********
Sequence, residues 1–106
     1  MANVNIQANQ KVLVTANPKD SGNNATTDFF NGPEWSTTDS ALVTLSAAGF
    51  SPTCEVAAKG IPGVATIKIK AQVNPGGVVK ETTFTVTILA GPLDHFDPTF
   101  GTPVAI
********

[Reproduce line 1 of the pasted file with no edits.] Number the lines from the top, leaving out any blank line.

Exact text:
Sequence, residues 1–106